The Covid-19 crisis is characterized by many uncertainties, from the ability of governments and companies to redouble their transportation electrification efforts to the behavioral changes that can be expected from the current crisis, including from low oil prices and seizure measures. As cities gradually emerge from lockdowns, some are imposing temporary restrictions on the pace and occupancy of public transport, increasing the risk of a spike in vehicular traffic. Therefore, many cities, particularly in Europe, are developing policies to rethink the use of urban space and to promote walking and cycling. As part of the economic recovery efforts, there is a need to focus on promoting clean transportation at the national and local levels.
Automobile manufacturing is an important sector of economic activity in many of the world’s largest economies, and it employs millions of people across the entire supply chain. He was severely affected during the Covid-19 crisis; Practically all major auto manufacturers have stopped production lines for some time. Governments need to carefully consider appropriate policy responses. It is reasonable to expect stimulus packages to seek to boost the economy in countries with significant auto-manufacturing capacity by including measures to support the auto industry, at least given its importance to the labor market. While such measures will inevitably help boost electric vehicle sales as well, targeted measures to support electric vehicle sales in particular will be needed to ensure that road transport electrification remains on track toward the putative goals.
In China, policy makers were quick to identify the auto market as a primary target for economic stimulus. Among other measures, the central government has encouraged cities to loosen vehicle permit quotas, at least temporarily, while complementing them with strengthening measures for targeted new energy vehicles. In the European Union, at the time of writing, existing policies and regulations were being maintained and countries such as France and Germany announced increased support measures towards electric vehicles for the remainder of 2020.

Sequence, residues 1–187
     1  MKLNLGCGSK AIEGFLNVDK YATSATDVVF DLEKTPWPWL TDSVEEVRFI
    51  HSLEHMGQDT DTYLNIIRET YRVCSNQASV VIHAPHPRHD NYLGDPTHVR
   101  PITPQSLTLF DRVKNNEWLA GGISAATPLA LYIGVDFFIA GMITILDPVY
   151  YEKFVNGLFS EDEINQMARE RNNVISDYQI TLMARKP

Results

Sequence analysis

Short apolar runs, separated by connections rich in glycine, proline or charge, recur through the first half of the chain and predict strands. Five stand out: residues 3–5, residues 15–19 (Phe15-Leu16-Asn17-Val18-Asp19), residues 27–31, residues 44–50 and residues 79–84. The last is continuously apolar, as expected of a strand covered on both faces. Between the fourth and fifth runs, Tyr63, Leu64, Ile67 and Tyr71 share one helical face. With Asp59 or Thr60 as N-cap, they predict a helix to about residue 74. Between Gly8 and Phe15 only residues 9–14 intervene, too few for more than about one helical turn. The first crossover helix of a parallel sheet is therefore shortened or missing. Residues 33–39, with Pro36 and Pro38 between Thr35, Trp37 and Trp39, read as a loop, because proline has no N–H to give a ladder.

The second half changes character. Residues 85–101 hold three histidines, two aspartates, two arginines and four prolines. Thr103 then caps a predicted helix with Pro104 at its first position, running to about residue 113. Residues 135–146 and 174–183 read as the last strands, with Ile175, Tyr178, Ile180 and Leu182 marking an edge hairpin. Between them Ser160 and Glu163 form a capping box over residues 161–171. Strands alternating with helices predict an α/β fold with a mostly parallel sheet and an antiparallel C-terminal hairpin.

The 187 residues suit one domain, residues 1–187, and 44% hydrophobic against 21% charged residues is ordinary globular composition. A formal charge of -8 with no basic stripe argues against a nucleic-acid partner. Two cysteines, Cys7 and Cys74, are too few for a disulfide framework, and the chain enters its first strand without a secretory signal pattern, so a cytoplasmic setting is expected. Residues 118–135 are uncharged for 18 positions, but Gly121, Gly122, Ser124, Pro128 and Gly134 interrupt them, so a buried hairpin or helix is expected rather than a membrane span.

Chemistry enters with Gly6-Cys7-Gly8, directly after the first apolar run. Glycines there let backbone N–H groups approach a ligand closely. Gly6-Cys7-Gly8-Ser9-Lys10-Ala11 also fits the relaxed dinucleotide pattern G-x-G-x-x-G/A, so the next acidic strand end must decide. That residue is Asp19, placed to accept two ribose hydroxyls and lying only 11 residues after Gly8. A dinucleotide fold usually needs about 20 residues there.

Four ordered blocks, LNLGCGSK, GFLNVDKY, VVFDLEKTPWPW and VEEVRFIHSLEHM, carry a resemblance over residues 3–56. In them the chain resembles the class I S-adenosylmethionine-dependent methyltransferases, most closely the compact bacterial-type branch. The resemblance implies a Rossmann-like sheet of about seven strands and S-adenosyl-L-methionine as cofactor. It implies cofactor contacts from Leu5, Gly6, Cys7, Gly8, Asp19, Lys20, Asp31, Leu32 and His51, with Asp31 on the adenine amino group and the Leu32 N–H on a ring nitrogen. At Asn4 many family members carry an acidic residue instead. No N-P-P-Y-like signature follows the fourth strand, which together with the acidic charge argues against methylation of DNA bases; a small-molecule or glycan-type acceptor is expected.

The experience of the auto industry’s stimulus measures has been mixed. Cash-for-old car programs can be an effective method if they are designed to support the uptake of more efficient cars (such as hybrids) and electric cars. However, in previous stimulus packages, these considerations were not always adequately addressed and sales of SUVs and diesel cars were boosted, driving up global demand for oil and air pollution. Auto industry subsidies can also be linked to ambitious fuel economy regulations, which in the past led to innovation and helped start key parts of the electric car industry today. Other targeted and direct support measures, such as charging infrastructure, or through favorable low-interest loans and/or public co-financing, towards corporate fleets for bulk purchases of electric cars, buses and trucks, can support continued growth in electric vehicle sales. In countries where fossil fuel subsidies prevail, the low oil price environment is an important opportunity to phase out price subsidies, which are detrimental to pursuing energy efficiency efforts in general and to create a context that supports the electrification of road vehicles in particular.